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Caution: Hard Hat Area

Caution: Hard Hat Area

Light in the Tunnel: A Moldy Crawlspace Nightmare Part 4

comments (3) June 3rd, 2010 in Blogs
TheTimberTailor Matt Jackson, contributor

Lifting fixtures in place with walls lifted
Lifting fixtures in place with rotted rim joist and sill plates removed
Rim joist and sill plates replaced
New floor system framing complete and ready for subfloor
The completed floor system framing and insulation
Lifting fixtures in place with walls liftedClick To Enlarge

Lifting fixtures in place with walls lifted

The Light in the Tunnel

Thankfully, the light I was seeing in the end of the tunnel turned out to be the daylight of completion, not just a freight train of more problems coming through the other way!

Rebuilding Process

The welded steel lifting fixtures did a great job of taking the weight off the floor framing to allow removal and replacement of the rotted members as well as restoring the proper elevation for the subfloor.  The rotted, compressed joist system had settled a full 3/4" in the worst areas and is now back to level like new.  With the weight of the walls supported with the lifting fixtures I was able to remove the rotted rim joist and sill plates, clean up all the debris, nails and stuff to prepare for installing new pieces. Some of the rot was caused by moisture condensing on the wood during winter months. The rest of the deterioration was water damage caused by improper building methods.  First, there was no felt paper layer over the 3/4" fuzzboard sheathing under the pine ship-lap siding.  Next, the rim joists of the deck outside this room was just nailed to the face of the siding, without flashing where, over time, dirt accumulated, got wet and stayed wet, and eventually rotted all the way through the water logged rim joist, siding, fuzzboard and rim joists.  I was able to put a layer of a heavy PVC sheet on the outside of the new framing to prevent water damage between now and when the decks get replaced later this year.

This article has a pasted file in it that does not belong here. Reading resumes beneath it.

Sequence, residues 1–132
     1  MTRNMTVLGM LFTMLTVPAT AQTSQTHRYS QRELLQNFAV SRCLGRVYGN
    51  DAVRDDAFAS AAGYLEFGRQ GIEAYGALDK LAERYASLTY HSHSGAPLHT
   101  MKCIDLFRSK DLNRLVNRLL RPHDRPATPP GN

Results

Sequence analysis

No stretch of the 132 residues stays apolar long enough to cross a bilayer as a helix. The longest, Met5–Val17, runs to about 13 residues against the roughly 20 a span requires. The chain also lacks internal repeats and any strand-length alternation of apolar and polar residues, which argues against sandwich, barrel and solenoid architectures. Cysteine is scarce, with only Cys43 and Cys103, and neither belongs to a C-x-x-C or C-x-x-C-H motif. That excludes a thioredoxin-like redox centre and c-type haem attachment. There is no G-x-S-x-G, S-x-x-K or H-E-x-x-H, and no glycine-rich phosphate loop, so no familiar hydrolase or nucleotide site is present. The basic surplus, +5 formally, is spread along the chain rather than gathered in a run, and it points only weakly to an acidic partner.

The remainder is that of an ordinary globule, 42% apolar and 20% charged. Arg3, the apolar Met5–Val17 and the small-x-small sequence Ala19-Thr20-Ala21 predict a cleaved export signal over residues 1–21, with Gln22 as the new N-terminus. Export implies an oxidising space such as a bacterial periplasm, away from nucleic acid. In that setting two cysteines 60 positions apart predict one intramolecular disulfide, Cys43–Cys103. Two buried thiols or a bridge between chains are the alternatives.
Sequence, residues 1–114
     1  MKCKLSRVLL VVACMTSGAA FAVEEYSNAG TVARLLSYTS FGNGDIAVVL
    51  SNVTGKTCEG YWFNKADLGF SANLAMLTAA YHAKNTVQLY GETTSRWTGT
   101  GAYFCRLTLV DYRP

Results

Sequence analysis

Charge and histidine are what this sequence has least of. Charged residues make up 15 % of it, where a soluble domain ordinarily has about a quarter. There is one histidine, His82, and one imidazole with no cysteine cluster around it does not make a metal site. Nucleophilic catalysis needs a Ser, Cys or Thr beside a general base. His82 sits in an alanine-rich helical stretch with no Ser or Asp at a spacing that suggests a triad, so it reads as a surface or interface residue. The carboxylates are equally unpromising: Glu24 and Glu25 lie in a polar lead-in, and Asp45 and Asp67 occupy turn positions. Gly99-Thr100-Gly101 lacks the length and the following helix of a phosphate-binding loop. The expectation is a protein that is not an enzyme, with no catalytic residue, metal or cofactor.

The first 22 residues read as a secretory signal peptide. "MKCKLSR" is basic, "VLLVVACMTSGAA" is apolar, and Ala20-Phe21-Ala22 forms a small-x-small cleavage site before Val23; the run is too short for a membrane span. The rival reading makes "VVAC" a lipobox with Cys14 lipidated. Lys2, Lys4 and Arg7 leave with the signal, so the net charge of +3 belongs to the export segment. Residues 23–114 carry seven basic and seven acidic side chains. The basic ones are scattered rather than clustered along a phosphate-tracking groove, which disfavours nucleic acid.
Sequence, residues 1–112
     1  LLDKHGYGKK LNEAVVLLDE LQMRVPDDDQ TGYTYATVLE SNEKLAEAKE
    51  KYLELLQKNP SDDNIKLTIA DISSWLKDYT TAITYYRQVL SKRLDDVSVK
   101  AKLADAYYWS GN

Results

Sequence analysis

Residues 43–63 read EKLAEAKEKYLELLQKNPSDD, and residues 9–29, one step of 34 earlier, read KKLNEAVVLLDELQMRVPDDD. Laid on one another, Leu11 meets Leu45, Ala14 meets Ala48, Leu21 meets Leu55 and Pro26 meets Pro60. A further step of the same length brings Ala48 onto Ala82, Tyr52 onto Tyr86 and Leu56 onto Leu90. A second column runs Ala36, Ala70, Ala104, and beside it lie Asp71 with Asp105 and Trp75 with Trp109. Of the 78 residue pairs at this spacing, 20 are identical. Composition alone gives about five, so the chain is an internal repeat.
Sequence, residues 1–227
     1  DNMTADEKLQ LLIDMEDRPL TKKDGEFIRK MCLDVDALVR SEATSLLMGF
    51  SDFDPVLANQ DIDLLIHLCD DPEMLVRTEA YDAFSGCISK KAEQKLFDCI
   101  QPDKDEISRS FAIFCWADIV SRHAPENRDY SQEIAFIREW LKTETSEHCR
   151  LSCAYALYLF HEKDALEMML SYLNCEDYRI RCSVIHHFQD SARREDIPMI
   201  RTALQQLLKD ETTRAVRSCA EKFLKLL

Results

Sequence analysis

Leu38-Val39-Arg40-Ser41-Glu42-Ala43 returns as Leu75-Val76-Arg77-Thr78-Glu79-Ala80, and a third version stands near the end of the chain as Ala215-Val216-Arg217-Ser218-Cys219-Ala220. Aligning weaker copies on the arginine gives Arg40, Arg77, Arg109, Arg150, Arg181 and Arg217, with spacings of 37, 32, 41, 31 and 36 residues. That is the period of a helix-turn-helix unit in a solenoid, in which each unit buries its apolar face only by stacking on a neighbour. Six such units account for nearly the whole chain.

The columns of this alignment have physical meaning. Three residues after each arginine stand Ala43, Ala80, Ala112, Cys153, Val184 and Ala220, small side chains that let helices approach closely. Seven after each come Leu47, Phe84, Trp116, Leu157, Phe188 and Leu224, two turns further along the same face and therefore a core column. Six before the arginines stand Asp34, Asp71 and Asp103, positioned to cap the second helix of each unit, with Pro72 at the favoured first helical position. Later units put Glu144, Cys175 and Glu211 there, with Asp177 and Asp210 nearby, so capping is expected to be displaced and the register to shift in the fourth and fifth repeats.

Out of the Tunnel

With all the rotted and moldy wood replaced, wrapping up this nightmare was straightforward carpentry.  A new mid-span support beam was put in first with plinth blocks to support it.  With the walls still supported with an extra 1/4" of height for working room, new floor joists were set.  Once all the framing was in place I removed the fixtures to let the new framing support the walls and structure above.

Pound of Prevention

If an ounce of prevention is worth a pound of cure, I figure a pound of prevention should be worth roughly a ton of cure, which seems about what this project needs to stay fixed.  With this idea in mind I mechanically fastened 2" EPS foam to the inside of the foundation wall faces and tops, and then used batts to insulate the rim joist areas.  Even though ground water was not a contributing factor to the original condensation problem a layer of 6 mil poly went down to cover the rock/dirt floor to prevent any future condensation from soaking into the soil.  The crawlspace floor is far too irregular to get a 100% seal, so we plan to close off the space from outside and rely on interior space conditioned air to prevent moisture build up.  I'll monitor conditions as seasons change and consider adding a humidistat/temperature controlled vent in the future if required to maintain a dry, healthy environment and prevent this from becoming a recurring nightmare.



posted in: Blogs, framing, water and moisture control
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Comments (3)

TheTimberTailor TheTimberTailor writes: Edola,

I created the lifting fixtures specifically for this job in a design I came up with for the particular situtation I was confronted with. I whipped them up in my shop with some scrap steel I had on hand. Any local steel fab shop should be able to make something similar for your job conditions at a price.

I could add a close-up photo of the fixtures to the blog post if you are interested.

Matt Jackson
The Timber Tailor

Posted: 11:56 am on June 18th

Edola Edola writes: Mr. Jackson,

What are the name of those lifting fixtures you're using? I do this type of work fairly often and those would be perfect.

Posted: 10:33 pm on June 14th

acfjr acfjr writes: Having sealed the crawl space in my own house, I would strongly suggest installing a dehumidifier in the crawl space that can run at lower temperatures. Run a fixed drain line from the dehumidifier to an inside drain. This will really help prevent the moisture levels from reaching the point that caused all the rot in the first place. Thanks for sharing this horror story with us. There was at least redemption at the end of it all.

Posted: 2:15 pm on June 5th

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